Newer macrolides such as azithromycin (Zithromax) and clarithromycin (Biaxin) have good activity against M. pneumoniae, C. pneumoniae, and Legionella species, and generally are better tolerated than erythromycin.1620 Doxycycline (Vibramycin) also is effective,21 typically is associated with fewer gastrointestinal side effects, and is a less expensive alternative.

Fluoroquinolones have demonstrated excellent activity against M. pneumoniae, C. pneumoniae, and Legionella species. In addition, fluoroquinolones have the advantage of once-daily dosing and excellent bioavailability, whether they are given intravenously or orally.2225

The Infectious Diseases Society of America (IDSA)26  has published a comprehensive, evidence-based guideline to the management of CAP in adults who are immunocompetent. Empiric treatment recommendations are based on whether patients are treated as outpatients or inpatients (Table 2).26 The decision to hospitalize can be guided by the mortality prediction rule shown in Figure 1.27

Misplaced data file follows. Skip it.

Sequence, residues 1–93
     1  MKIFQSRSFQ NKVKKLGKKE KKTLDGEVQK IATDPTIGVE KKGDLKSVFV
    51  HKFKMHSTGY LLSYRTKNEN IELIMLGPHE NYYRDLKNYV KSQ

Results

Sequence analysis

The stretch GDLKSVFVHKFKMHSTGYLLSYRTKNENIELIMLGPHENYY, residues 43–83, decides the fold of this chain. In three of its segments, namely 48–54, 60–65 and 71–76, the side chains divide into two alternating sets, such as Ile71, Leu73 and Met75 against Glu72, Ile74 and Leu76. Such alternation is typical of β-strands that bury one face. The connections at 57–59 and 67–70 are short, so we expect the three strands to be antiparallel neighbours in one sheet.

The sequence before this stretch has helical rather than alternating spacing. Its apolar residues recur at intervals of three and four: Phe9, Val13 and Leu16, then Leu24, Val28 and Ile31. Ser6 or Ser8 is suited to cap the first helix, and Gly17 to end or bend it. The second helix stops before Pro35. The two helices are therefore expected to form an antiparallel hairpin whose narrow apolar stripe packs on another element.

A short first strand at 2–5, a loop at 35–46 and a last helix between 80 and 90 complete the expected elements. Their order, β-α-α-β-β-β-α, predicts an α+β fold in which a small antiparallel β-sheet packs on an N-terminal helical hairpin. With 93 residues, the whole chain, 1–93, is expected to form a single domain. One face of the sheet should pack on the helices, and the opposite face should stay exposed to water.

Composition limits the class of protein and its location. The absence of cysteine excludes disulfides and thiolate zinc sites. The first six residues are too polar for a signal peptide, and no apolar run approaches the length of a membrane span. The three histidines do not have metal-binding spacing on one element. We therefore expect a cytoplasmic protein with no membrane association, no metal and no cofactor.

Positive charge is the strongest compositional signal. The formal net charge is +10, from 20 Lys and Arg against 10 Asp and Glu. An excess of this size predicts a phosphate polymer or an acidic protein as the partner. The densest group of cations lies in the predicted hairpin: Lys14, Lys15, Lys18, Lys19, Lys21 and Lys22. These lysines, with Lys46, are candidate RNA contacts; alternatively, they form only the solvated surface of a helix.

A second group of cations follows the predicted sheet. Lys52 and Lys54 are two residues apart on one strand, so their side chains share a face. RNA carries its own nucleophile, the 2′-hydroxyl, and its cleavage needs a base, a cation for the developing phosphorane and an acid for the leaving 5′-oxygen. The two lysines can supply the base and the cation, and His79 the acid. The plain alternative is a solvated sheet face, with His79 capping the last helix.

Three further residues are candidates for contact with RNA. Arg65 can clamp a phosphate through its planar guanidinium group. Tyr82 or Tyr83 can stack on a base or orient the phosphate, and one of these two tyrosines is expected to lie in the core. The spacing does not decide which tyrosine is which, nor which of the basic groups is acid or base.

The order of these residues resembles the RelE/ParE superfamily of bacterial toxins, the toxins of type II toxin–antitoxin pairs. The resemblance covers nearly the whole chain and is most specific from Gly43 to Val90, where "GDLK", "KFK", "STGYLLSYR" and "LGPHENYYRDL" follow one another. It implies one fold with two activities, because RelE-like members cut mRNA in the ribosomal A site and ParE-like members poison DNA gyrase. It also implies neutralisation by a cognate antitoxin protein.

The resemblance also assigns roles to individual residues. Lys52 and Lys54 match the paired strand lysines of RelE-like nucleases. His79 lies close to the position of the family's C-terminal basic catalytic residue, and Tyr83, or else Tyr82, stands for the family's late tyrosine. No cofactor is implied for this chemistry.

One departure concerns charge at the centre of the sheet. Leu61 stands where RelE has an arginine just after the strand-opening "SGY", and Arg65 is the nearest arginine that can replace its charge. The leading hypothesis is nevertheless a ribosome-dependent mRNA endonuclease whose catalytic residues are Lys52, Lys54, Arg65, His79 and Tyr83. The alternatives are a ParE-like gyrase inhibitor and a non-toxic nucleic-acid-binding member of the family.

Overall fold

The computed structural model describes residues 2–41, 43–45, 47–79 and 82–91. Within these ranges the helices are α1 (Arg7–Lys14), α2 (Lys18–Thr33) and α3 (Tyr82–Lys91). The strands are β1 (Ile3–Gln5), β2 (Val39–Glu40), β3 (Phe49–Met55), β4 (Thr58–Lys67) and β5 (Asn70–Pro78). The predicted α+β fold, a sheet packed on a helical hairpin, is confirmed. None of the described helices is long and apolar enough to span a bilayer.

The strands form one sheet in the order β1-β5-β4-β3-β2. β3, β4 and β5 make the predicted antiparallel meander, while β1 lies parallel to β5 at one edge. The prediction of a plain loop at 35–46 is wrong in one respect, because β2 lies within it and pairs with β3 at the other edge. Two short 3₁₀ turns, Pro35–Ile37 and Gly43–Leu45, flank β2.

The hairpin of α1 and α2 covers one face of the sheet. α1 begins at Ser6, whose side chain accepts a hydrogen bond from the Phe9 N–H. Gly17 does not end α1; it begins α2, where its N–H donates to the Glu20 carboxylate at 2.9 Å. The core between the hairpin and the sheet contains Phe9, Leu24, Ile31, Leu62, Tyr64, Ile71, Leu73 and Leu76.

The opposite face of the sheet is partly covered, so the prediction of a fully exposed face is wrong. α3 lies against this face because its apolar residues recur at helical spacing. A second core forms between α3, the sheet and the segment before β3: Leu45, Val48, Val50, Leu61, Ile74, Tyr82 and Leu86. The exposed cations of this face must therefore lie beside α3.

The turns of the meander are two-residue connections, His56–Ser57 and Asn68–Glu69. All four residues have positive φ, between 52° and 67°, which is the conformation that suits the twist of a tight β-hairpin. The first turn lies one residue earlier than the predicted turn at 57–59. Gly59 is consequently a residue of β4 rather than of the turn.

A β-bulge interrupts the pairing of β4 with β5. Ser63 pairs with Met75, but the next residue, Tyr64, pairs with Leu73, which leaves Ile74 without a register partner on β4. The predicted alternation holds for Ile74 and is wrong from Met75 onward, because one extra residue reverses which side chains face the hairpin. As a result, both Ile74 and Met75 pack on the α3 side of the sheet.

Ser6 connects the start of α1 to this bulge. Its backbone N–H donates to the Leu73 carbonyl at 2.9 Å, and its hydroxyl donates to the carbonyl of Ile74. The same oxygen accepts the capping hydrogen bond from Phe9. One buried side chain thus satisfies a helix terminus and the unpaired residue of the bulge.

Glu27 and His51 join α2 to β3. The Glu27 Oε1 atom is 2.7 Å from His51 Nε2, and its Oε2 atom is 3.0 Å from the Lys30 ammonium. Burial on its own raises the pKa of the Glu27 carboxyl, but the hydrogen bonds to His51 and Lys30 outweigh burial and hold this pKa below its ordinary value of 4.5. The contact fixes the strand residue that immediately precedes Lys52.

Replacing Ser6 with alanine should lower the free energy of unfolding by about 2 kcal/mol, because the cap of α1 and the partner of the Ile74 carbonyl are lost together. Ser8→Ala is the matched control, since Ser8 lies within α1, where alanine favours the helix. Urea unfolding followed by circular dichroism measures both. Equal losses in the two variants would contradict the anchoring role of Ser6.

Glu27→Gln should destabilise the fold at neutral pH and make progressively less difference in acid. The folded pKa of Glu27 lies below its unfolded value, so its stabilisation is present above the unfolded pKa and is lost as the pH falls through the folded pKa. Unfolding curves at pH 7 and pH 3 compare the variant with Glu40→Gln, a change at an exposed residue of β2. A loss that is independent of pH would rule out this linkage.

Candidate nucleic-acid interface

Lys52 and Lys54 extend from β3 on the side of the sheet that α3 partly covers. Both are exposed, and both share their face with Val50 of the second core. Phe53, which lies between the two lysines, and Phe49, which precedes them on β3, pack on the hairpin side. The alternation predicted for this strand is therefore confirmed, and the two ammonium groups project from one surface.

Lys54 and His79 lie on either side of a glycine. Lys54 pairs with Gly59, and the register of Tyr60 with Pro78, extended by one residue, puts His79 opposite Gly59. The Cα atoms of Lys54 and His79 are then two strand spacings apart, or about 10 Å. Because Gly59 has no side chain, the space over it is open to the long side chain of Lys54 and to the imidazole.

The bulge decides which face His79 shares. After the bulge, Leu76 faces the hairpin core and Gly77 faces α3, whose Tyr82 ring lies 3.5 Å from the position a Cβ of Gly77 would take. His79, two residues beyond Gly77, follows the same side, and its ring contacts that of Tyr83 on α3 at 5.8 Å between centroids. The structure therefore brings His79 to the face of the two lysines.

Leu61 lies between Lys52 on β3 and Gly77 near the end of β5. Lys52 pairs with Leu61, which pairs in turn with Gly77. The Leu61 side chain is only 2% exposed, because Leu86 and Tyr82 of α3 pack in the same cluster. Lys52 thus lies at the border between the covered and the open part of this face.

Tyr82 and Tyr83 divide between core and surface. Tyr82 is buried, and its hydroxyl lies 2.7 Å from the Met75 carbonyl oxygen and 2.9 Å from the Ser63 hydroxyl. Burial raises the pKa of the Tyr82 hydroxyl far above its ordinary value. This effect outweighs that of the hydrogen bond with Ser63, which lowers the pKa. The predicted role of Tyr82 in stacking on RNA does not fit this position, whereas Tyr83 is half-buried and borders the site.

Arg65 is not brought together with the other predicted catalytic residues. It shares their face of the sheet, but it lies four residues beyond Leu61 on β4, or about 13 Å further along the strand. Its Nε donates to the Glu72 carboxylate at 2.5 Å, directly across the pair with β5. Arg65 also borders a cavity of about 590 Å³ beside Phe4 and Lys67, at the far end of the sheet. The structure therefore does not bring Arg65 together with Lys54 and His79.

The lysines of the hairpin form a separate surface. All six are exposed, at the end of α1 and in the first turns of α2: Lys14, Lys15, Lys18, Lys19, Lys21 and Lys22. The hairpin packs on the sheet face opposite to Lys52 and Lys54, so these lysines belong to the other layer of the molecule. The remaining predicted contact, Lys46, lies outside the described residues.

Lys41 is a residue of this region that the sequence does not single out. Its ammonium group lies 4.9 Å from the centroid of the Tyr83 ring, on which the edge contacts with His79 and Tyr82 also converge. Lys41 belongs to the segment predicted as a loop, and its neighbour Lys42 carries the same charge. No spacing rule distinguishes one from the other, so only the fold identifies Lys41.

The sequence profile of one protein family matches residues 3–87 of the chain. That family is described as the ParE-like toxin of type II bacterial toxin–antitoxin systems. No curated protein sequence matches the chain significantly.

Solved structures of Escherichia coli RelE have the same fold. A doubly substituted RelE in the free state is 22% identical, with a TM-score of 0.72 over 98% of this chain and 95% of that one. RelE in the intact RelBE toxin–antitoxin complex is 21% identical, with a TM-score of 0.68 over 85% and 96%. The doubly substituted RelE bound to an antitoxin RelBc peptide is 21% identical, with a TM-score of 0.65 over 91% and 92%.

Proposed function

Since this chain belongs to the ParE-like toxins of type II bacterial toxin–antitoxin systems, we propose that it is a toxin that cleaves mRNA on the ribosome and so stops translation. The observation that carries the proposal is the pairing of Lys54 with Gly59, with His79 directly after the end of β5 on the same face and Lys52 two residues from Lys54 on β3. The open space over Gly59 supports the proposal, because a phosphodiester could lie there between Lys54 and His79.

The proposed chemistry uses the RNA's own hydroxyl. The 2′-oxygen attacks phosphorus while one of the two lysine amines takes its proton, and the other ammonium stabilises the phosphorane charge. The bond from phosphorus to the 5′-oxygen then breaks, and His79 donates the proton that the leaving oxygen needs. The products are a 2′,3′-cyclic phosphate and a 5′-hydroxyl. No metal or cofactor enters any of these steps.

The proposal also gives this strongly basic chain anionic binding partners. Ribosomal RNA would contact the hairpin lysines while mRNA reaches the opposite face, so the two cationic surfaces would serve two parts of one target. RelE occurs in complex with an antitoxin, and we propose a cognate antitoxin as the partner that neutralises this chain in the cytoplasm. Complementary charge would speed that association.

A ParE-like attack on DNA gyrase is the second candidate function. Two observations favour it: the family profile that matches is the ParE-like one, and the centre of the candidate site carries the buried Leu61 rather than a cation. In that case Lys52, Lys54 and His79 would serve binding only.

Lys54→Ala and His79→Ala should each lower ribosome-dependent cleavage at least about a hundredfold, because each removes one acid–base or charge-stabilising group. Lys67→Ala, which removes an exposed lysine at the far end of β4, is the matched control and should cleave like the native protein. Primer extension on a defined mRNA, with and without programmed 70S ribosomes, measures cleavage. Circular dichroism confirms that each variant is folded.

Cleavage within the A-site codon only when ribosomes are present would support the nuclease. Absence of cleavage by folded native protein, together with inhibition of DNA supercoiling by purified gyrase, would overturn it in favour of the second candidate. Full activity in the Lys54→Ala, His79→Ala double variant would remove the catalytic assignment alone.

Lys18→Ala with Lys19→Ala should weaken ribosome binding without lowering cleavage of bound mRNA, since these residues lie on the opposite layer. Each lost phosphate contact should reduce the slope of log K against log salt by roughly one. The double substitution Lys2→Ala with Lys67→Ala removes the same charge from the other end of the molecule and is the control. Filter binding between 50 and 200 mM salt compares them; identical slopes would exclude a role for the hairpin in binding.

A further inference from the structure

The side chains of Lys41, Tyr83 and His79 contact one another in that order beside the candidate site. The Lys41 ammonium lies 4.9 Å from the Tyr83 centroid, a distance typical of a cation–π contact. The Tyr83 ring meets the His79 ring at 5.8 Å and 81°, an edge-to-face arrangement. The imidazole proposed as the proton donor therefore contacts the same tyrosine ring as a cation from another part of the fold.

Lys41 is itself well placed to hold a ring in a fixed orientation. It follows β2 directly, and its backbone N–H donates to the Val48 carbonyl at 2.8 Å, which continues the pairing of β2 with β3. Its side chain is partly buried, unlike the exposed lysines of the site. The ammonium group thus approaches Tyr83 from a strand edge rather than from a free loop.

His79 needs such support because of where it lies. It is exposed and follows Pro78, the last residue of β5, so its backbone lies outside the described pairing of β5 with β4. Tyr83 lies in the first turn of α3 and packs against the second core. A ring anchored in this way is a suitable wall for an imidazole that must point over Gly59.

Determining Mortality Risk for Community-Acquired Pneumonia

FIGURE 1

Prediction rule for community-acquired pneumonia.

Information from Fine MJ, Auble TE, Yealy DM, Hanusa BH, Weissfeld LA, Singer DE, et al. A prediction rule to identify low-risk patients with community-acquired pneumonia. N Engl J Med 1997;336:246–8.

View Large

Determining Mortality Risk for Community-Acquired Pneumonia


FIGURE 1

Prediction rule for community-acquired pneumonia.

Information from Fine MJ, Auble TE, Yealy DM, Hanusa BH, Weissfeld LA, Singer DE, et al. A prediction rule to identify low-risk patients with community-acquired pneumonia. N Engl J Med 1997;336:246–8.

Determining Mortality Risk for Community-Acquired Pneumonia


FIGURE 1

Prediction rule for community-acquired pneumonia.

Information from Fine MJ, Auble TE, Yealy DM, Hanusa BH, Weissfeld LA, Singer DE, et al. A prediction rule to identify low-risk patients with community-acquired pneumonia. N Engl J Med 1997;336:246–8.

Blood cultures do not have to be performed before out-patient therapy is started. However, the IDSA26 recommends performing blood cultures in hospitalized patients, if possible before antibiotics are administered. Sputum Gram stain and culture also are recommended in these patients. Antibiotic therapy should be initiated within four hours of hospitalization.28

Treatment Challenges

FAILURE OF OUTPATIENT MANAGEMENT